The Presidia began in Italy in 1999 as the working arm of the Ark of Taste. The Ark had at that point catalogued hundreds of products at risk of disappearing; the Presidia represented a more practical project, with Slow Food deciding to make a concrete contribution to the world of food production, and help artisan food producers directly. Presidia projects are about relaunching products under threat and assisting a group of producers to continue their work by creating a viable market for their product. The Presidia, which began with just two projects in Italy, now encompasses more than 270 projects all over the world.
The Presidia represent a cultural and financial challenge: to raise the profile of ancient crafts. Whilst open to innovative technology, the chosen projects conserve traditional foodways and folk knowledge. To be effective, Slow Food, enlisted the help of experts to assist them in understanding each unique Presidia, firstly to decide on its feasibity and secondly to understand fully how to assist producers, and to develop production and marketing techniques which allow their product to become economically viable. This is why a Presidia must have a local coordinator present to follow the development, and a producer group.
Originally, Presidia were defined solely as local projects that focus on a group of producers of a single product. However, International Presidia projects can be developed along new lines, e.g. to promote raw milk cheese, involvement of women or schooling for the producers children in environmental practices. In these cases that Presidia are not only about preserving a gastronomic tradition but also may develop a product for example providing technical advisors, organising work experiences or buying equipment.
For some Presidia, a little assistance goes a long way: all it takes is to bring together producers, help them coordinate marketing and promotion and establish quality and authenticity standards for their product. Other products take more effort to save: sometimes it’s necessary to build a dairy or an oven or develop new ways to use or prepare a particular food.
Slow Food Presidia work in different ways, but the goals remain constant: to promote artisan products, stabilize production techniques, establish stringent production standards and, above all, to guarantee a viable future for traditional foods.
Presidium products have not only conquered cooks and gourmets, but have also won over everyday consumers. The success of the presidia has proven that consumers are willing to pay fair prices for quality products, which are hence economically feasible to make.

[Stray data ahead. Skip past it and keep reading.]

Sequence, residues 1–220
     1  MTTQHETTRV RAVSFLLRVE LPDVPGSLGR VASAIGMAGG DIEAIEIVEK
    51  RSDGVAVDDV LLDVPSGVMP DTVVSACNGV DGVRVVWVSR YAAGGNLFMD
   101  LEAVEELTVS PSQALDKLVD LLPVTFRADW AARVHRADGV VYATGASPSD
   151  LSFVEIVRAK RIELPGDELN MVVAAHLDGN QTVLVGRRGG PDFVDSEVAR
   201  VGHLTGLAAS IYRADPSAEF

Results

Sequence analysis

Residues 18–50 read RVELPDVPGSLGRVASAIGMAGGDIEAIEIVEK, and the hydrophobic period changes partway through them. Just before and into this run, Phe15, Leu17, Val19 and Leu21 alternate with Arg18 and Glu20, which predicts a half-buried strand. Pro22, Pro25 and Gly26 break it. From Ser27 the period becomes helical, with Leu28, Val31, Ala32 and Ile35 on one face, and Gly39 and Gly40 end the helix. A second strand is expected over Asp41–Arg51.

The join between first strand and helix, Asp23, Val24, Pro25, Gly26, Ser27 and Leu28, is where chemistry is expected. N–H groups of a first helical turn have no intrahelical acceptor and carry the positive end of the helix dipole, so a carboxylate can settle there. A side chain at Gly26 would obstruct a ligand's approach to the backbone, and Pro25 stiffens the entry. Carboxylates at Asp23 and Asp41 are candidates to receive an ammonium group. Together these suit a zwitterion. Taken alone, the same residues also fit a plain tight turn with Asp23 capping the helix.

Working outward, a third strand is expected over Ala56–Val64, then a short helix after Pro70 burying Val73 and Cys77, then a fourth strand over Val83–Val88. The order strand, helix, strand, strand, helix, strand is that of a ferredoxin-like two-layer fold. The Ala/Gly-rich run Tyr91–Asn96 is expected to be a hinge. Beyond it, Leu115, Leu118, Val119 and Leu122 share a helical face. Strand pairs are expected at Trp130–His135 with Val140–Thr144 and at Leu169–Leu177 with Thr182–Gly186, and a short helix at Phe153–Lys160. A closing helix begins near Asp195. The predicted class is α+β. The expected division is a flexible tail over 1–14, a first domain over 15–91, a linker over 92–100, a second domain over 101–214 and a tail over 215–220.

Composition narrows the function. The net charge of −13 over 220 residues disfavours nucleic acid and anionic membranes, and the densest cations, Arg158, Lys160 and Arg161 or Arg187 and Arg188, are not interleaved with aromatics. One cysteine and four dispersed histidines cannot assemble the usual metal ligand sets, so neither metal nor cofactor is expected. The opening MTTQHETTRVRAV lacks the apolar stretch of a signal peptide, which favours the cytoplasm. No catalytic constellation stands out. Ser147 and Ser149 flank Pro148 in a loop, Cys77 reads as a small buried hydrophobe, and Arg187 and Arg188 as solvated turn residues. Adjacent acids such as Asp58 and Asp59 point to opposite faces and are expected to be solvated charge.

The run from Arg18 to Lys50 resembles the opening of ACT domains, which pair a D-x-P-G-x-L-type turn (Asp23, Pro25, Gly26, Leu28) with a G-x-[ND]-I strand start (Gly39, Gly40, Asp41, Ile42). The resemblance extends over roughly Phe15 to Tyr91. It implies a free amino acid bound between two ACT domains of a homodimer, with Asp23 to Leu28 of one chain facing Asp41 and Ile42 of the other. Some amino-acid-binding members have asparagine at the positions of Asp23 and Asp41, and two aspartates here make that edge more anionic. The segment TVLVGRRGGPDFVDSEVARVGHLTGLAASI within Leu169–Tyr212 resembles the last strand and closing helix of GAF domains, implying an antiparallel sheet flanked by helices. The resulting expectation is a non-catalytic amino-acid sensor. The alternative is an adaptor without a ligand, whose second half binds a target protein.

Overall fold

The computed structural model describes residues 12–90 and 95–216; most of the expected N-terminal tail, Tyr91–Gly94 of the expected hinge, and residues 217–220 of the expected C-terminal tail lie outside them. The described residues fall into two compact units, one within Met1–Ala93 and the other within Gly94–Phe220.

The general objectives of the presidia are numerous, complex and multifaceted, but can be boiled down to four areas. The economic aspect is obviously vital (presidium products were disappearing because they were no longer profitable and in order to continue their activity, producers have to have economic assurance about the future), but another three factors are also crucial: environmental, social and cultural aspects.
Economic objectives (increasing producer incomes, developing local driven activities, increasing employment) are the only ones that can be measured using quantitative indicators: variations in price, quantities produced, numbers employed. The other aspects require a different approach and are more difficult to classify and compare using standard parameters, but they are perhaps the most interesting and important dimension of presidium activity.
Environmental objectives (defending biodiversity, improving the sustainability of products) are essential for all presidia. Every set of production rules requires producers to eliminate or reduce chemical treatments, guarantee animal wellbeing (using extensive farming systems, adequate space, no forced feeding), defend, where possible, local breeds and native vegetable varieties, use ecological packaging, and to favor the use of renewable energy.
Social objectives (improve the social position of producers, strengthen their organizational capacity) can be measured by seeing whether the presidium has created an association or other organized body, if producers have improved their ability to form relationships with public and private institutions, if they are more widely known and if their voice has greater weight, thanks to media attention.
Cultural objectives (strengthening producers’ cultural identity and promoting production areas) are linked to the ability of the presidium to stimulate publications about the local area, the creation of tourist routes and other cultural initiatives, the restoration of old buildings, etc.